It has been a long time since Bellevue was a sleepy, little suburb on the east shore of Lake Washington. Today, Bellevue is a bustling city-in-its-own-right. It is a center of arts, dining, entertainment, shopping and yes – beautiful views. We decided to check out the views through some of the many outdoor activities that can be found in and around Bellevue. First stop was Enatai Beach to make arrangements for our canoe trip through the Mercer Slough. We chatted with the City of Bellevue Park Ranger about the upcoming trip, watched some people fishing off the pier and soaked up the view of Mt. Rainier to the south. The route of the canoe trip takes you along the shore of the lake and then into the slough, where you are almost guaranteed to see herons, turtles, eagles and sometimes even otters. Since our canoe trip was scheduled for later, we decided to check out the slough the other way – hiking along the slough.
Several miles away we parked our car at the trailhead of the Lake to Lake trail which goes 10 miles from Lake Washington to Lake Sammamish. Time only allowed us to hike several miles so we enjoyed the portion along the boardwalk through the wetlands near the Mercer Slough. This trail also connects with various trails through various Bellevue greenbelts and small lakes. We took the side trip to the Mercer Slough Blueberry Farm, which has been around for a long time. Just as we did in the past, present day families have a tradition of bringing the kids to pick the blueberries. Watching the kids while they picked the berries made me remember that blueberry muffins made with berries picked by your toddler tasted so much better! Of course – the younger pickers often eat more than actually end up in their baskets. The farm also features a fruit and vegetable stand with fresh produce from the Yakima Valley.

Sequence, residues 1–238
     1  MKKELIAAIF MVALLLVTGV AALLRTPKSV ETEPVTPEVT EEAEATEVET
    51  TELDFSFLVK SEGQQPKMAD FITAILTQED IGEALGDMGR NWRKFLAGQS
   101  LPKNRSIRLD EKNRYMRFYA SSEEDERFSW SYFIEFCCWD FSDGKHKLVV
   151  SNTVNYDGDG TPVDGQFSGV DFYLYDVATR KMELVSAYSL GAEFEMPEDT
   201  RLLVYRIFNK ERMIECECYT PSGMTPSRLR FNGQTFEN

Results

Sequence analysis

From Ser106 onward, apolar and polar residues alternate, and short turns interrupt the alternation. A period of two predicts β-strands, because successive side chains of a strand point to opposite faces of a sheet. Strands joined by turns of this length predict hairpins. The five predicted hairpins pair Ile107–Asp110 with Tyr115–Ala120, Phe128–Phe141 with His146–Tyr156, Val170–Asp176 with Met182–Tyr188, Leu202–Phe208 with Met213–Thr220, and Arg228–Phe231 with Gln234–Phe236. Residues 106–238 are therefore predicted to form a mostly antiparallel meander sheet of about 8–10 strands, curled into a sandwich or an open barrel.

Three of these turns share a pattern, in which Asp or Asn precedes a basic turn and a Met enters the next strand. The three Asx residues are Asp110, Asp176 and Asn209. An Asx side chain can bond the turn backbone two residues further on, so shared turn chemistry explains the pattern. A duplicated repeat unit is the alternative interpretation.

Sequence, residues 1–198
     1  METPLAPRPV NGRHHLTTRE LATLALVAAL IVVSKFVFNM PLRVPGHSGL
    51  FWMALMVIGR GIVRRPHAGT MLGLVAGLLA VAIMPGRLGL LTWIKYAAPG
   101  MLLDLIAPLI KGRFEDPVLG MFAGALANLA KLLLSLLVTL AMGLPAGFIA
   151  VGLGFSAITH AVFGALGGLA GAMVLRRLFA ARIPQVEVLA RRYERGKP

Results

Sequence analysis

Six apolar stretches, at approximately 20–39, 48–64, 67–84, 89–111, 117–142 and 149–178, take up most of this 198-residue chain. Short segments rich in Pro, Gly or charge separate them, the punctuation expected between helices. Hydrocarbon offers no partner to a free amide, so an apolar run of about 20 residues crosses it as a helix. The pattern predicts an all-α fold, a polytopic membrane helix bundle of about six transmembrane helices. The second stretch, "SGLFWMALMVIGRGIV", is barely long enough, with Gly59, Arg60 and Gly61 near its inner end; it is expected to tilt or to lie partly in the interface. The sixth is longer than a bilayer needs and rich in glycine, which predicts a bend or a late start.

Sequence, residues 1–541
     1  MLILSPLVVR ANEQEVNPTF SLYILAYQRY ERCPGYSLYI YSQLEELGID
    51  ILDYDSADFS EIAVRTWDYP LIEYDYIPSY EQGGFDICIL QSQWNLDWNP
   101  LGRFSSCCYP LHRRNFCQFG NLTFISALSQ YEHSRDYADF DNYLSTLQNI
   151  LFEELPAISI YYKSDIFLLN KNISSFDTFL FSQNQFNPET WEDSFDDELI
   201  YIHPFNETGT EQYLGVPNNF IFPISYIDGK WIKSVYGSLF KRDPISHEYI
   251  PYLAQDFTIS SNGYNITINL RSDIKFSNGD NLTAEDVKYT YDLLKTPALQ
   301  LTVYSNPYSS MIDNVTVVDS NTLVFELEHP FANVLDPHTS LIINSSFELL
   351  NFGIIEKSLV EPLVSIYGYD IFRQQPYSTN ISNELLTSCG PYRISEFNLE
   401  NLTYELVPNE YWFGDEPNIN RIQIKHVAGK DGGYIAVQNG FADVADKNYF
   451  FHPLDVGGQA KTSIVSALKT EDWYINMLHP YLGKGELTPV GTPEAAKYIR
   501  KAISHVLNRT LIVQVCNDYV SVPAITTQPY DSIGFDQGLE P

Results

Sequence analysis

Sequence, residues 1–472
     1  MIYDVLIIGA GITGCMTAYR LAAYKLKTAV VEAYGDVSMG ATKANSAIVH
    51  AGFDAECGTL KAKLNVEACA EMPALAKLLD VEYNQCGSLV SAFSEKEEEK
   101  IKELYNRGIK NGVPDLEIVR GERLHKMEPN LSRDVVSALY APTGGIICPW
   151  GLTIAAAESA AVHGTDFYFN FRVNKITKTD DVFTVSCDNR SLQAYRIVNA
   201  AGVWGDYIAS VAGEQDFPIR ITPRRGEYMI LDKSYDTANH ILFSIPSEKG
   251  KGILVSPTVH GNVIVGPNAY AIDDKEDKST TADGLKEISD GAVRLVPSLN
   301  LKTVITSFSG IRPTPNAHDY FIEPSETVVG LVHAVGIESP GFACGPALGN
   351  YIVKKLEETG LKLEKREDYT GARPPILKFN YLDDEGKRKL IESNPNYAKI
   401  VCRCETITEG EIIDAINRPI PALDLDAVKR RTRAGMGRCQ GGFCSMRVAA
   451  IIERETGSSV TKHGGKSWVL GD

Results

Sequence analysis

For the fourth hour into our trip we headed to Old Bellevue on Main Street. This beautiful three block area is lined with older styled buildings, housing lovely little shops and restaurants. After our hike, we were ready for some breakfast so we headed to Gilberts on Main, a favorite deli among the locals. Having had many delicatessen experiences, the lox and bagels struck us as some of the best we have had. Inside seating can be a challenge in the small deli, but we were lucky to have a nice table out on the sidewalk where we could enjoy the delicious food while we watched the world go by.